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Open-flow respirometry under field conditions: How does the airflow through the nest influence our results?

Nowack, J, Dill, V and Dausmann, KH (2020) Open-flow respirometry under field conditions: How does the airflow through the nest influence our results? Journal of Thermal Biology, 92. ISSN 0306-4565

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Abstract

Open-flow respirometry is a common method to measure oxygen-uptake as a proxy of energy expenditure of organisms in real-time. Although most often used in the laboratory it has seen increasing application under field conditions. Air is drawn or pushed through a metabolic chamber or the nest with the animal, and the O2 depletion and/or CO2 accumulation in the air is analysed to calculate metabolic rate and energy expenditure. Under field conditions, animals are often measured within the microclimate of their nest and in contrast to laboratory work, the temperature of the air entering the nest cannot be controlled. Thus, the aim of our study was to determine the explanatory power of respirometry in a set-up mimicking field conditions. We measured O2 consumption of 14 laboratory mice (Mus musculus) using three different flow rates [50 L*h−1 (834 mL*min−1), 60 L*h−1 (1000 mL*min−1) and 70 L*h−1 (1167 mL*min−1)] and two different temperatures of the inflowing air; either the same as the temperature inside the metabolic chamber (no temperature differential; 20 °C), or cooler (temperature differential of 10 °C). Our results show that the energy expenditure of the mice did not change significantly in relation to a cooler airflow, nor was it affected by different flow rates, despite a slight, but significant decrease of about 1.5 °C in chamber temperature with the cooler airflow. Our study emphasises the validity of the results obtained by open-flow respirometry when investigating energy budgets and physiological responses of animals to ambient conditions. Nevertheless, subtle changes in chamber temperature in response to changes in the temperature and flow rate of the air pulled or pushed through the system were detectable. Thus, constant airflow during open-flow respirometry and consequent changes in nest/chamber temperature should be measured.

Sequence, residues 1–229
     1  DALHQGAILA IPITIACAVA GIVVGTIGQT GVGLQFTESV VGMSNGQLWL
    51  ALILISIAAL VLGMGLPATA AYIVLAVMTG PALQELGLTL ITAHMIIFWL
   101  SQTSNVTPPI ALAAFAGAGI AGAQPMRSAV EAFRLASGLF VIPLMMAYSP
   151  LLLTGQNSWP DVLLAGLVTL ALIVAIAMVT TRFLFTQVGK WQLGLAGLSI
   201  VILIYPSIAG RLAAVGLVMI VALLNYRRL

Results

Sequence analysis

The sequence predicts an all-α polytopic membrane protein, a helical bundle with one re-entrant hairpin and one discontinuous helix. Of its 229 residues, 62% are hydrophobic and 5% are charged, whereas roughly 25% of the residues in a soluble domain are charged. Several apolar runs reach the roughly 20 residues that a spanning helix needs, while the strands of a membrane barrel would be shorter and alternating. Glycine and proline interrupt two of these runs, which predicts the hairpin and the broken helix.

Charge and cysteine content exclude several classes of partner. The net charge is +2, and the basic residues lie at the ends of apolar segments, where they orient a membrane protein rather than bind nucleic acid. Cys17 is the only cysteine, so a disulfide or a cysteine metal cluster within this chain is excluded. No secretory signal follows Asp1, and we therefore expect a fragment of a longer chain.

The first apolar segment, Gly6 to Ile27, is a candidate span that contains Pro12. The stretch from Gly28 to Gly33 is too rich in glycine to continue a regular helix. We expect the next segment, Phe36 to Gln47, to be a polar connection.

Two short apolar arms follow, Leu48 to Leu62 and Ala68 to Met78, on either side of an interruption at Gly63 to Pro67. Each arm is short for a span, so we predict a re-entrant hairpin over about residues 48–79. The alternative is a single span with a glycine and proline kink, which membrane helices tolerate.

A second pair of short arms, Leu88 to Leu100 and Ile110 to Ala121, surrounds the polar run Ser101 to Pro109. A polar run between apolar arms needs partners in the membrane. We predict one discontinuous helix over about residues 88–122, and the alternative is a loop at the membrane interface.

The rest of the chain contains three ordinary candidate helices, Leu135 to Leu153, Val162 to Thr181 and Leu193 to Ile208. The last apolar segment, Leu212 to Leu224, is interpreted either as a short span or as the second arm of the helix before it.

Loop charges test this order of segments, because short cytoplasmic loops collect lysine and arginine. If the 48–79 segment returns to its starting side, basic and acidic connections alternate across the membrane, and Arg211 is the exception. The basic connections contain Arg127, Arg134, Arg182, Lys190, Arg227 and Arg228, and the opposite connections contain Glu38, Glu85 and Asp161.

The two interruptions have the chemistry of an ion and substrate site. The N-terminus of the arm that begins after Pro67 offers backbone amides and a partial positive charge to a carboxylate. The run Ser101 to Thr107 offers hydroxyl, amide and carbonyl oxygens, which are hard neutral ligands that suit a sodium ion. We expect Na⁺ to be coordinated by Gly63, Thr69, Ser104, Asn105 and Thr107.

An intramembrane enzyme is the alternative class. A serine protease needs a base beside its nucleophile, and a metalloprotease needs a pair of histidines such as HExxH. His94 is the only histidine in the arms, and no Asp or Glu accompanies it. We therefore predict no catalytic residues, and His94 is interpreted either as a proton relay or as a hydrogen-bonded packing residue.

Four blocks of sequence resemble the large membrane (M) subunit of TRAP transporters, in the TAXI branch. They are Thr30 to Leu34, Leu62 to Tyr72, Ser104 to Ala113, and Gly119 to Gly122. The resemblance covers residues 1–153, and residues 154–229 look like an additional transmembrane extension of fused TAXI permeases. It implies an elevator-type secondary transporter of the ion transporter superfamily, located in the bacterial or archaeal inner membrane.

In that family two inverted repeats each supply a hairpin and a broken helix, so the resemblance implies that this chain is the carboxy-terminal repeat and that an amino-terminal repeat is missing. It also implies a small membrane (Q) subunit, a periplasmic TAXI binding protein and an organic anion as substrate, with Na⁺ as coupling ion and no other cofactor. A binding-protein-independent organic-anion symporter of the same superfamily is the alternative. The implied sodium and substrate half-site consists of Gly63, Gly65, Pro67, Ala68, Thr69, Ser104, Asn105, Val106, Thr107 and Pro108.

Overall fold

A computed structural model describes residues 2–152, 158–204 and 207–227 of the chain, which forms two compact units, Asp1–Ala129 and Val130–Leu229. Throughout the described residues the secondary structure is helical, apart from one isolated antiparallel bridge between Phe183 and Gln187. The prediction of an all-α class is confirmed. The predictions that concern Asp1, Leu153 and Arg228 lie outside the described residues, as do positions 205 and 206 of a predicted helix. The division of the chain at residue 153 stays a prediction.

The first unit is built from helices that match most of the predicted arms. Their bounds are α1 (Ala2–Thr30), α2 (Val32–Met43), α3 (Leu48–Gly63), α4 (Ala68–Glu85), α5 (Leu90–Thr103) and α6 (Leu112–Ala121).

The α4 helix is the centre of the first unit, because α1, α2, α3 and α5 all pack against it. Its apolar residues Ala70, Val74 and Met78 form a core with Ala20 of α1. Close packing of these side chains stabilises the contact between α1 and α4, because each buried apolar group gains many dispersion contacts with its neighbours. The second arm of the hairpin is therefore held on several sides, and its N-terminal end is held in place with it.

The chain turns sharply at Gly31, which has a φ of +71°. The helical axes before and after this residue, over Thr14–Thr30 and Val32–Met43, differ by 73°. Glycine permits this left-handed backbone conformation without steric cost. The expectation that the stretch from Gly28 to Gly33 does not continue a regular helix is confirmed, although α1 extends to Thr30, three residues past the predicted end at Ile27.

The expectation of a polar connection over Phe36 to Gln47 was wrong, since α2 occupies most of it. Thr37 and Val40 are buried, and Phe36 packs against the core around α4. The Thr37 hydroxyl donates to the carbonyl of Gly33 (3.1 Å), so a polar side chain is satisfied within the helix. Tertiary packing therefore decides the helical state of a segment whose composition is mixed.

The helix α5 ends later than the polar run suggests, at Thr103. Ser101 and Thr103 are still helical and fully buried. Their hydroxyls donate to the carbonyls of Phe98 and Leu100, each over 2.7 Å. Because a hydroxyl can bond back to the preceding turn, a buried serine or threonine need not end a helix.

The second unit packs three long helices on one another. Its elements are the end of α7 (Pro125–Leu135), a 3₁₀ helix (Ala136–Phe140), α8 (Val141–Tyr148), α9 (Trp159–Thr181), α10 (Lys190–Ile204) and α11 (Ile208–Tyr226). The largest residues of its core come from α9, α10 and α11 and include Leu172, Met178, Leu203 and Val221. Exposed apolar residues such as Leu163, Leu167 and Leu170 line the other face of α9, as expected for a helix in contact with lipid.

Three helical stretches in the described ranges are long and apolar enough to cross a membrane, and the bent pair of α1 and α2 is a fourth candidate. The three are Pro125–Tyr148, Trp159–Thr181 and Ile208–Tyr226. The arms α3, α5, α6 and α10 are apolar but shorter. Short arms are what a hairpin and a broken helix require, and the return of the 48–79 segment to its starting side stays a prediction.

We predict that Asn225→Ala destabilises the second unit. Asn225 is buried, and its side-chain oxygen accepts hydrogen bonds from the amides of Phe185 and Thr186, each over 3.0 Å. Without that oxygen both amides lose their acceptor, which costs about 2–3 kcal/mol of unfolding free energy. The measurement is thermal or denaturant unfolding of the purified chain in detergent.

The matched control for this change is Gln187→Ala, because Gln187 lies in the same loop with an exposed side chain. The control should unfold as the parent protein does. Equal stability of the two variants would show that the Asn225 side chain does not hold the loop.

Item Type: Article
Uncontrolled Keywords: 06 Biological Sciences
Subjects: G Geography. Anthropology. Recreation > GE Environmental Sciences
Q Science > QH Natural history
Q Science > QH Natural history > QH301 Biology
Divisions: Biological & Environmental Sciences (new Sep 19)
Publisher: Elsevier
Related URLs:
Date Deposited: 06 May 2021 09:20
Last Modified: 06 May 2021 09:30
DOI or Identification number: 10.1016/j.jtherbio.2020.102667
URI: https://researchonline.ljmu.ac.uk/id/eprint/14906

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